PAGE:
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Resources for domestic violence victims during the 'stay home' order

The Spokane Regional Domestic Violence Coalition says local health leaders are concerned about domestic violence rates rising during the stay at home order.

SPOKANE COUNTY, Wash — For many people, social distancing means being home more often than normal. So in this highly stressful time, local health leaders are concerned about more families being at risk of domestic violence.

The threat of COVID-19 is also changing how local organizations can provide resources to people in danger. Most in-person services are canceled, but there are still resources available.

For anyone in a domestic violence situation, here is a list of 24/7 help lines to call.

If anyone is in a bad situation and doesn't know who to text or call, 9-1-1 is also always an option.

Despite services looking different during the stay at home order, emergency shelters in both Spokane and North Idaho are still open.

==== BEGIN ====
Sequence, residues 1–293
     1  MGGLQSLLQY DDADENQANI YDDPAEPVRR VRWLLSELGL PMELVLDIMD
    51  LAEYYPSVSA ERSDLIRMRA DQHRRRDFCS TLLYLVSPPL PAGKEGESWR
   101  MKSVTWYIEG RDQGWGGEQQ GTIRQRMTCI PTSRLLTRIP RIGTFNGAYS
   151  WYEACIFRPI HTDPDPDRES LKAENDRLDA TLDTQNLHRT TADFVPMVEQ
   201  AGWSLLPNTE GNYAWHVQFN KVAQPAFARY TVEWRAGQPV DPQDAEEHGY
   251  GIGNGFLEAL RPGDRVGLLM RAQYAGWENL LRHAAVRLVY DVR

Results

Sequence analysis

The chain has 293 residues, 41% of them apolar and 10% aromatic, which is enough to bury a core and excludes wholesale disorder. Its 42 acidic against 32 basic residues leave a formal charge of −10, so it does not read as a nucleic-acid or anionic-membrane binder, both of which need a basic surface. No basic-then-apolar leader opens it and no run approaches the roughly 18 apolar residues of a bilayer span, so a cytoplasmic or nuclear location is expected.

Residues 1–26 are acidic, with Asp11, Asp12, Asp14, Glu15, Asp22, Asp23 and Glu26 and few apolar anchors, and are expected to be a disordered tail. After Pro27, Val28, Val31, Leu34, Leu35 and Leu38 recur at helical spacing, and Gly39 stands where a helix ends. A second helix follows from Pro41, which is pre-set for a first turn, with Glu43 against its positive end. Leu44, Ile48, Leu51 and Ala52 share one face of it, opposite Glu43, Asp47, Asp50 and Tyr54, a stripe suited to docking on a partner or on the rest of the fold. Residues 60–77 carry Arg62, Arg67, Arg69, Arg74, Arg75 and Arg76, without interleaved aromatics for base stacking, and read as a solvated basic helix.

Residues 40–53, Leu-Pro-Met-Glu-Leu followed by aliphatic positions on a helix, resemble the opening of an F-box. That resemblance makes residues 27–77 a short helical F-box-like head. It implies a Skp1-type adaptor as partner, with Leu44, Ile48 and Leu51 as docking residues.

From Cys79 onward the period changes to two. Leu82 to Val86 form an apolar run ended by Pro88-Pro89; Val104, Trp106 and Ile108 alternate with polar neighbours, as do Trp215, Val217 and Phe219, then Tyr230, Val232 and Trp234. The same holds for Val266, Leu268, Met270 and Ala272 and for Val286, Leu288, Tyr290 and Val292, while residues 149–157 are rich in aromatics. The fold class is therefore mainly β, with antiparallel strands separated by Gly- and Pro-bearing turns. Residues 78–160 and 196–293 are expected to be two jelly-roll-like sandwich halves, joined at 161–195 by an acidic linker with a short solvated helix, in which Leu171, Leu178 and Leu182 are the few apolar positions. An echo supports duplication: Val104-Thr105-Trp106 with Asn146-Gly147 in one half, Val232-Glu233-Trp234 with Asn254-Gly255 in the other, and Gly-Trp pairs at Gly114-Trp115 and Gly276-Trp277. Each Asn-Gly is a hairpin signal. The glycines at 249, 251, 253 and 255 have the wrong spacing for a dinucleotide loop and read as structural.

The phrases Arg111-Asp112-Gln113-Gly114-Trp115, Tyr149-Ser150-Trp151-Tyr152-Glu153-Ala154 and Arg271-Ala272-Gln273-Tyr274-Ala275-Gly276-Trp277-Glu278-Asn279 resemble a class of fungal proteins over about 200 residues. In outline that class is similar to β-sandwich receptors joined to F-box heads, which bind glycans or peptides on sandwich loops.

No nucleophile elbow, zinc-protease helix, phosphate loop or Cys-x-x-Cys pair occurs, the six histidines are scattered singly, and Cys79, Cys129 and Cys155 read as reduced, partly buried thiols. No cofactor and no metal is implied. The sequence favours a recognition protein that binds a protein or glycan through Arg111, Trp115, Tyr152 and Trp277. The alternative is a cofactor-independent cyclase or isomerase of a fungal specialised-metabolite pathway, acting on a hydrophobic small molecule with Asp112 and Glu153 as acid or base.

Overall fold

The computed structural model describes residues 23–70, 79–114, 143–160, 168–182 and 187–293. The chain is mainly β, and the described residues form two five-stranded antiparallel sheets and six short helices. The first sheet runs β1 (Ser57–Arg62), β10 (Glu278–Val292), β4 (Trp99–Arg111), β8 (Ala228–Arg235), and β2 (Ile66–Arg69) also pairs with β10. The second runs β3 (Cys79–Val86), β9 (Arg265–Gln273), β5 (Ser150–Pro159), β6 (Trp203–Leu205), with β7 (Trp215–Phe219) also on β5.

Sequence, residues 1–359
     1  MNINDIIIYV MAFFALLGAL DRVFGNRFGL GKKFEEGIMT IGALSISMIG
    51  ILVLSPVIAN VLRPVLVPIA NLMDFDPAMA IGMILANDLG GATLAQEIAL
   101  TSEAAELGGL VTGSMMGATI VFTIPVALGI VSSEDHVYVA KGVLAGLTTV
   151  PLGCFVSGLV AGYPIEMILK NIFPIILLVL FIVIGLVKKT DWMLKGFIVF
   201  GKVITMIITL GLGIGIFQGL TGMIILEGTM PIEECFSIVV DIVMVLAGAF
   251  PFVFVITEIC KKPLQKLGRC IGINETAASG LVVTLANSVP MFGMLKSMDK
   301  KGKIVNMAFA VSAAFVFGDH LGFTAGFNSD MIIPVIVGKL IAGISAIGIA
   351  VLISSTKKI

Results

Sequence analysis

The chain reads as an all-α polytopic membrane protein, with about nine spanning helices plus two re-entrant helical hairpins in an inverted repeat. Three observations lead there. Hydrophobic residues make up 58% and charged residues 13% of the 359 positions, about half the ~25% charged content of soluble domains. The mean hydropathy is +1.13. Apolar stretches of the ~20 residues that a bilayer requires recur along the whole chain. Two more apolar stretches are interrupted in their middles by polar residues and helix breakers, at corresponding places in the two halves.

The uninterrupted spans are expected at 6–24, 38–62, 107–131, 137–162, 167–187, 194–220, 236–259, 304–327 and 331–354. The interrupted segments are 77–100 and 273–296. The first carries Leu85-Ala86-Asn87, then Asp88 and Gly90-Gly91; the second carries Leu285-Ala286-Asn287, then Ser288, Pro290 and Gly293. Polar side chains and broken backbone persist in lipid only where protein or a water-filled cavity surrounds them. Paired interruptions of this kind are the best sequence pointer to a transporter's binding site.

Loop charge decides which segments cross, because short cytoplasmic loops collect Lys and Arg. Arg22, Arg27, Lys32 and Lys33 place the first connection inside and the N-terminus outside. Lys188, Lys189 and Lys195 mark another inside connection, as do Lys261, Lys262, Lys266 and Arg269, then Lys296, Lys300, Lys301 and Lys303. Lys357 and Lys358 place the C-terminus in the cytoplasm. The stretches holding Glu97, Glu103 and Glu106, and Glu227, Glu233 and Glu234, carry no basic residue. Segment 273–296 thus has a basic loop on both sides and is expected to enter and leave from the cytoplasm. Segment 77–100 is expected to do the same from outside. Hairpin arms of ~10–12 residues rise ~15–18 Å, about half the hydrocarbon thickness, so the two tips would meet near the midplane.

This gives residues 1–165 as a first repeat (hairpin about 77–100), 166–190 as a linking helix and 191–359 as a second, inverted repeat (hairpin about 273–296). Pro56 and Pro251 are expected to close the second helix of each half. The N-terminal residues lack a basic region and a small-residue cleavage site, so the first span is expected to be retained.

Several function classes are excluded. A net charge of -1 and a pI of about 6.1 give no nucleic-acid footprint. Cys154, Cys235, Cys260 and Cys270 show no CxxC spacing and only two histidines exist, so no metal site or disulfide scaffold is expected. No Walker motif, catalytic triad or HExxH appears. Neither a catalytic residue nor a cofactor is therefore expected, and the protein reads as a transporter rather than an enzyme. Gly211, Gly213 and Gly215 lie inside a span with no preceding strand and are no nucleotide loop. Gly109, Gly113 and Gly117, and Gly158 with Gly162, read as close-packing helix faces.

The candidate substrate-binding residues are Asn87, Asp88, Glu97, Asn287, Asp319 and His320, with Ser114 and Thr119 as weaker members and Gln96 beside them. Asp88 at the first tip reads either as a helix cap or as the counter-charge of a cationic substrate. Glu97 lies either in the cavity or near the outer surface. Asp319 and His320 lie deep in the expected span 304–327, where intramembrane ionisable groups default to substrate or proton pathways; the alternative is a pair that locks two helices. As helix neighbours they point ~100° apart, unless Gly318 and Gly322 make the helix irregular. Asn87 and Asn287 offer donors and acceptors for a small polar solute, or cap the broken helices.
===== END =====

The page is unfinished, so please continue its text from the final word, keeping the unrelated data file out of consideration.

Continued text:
Annie Murphey, Executive Director of the Spokane Regional Domestic Violence Coalition, said it is important to understand that every domestic violence situation is different.

"What maybe was simply yelling or some verbal comments can quickly escalate, especially in this confined state and in this high stress environment that we're all in," Murphey said.

Which is why it is important for anyone who thinks they, or someone they know, could be in danger should reach out for help.

Another way to help during this time is for each individual to keep their own stress levels down. Use this article as a reminder to take a deep breath, go for a walk or write in a journal.

Make sure to take time throughout everyday to stay mentally healthy. 

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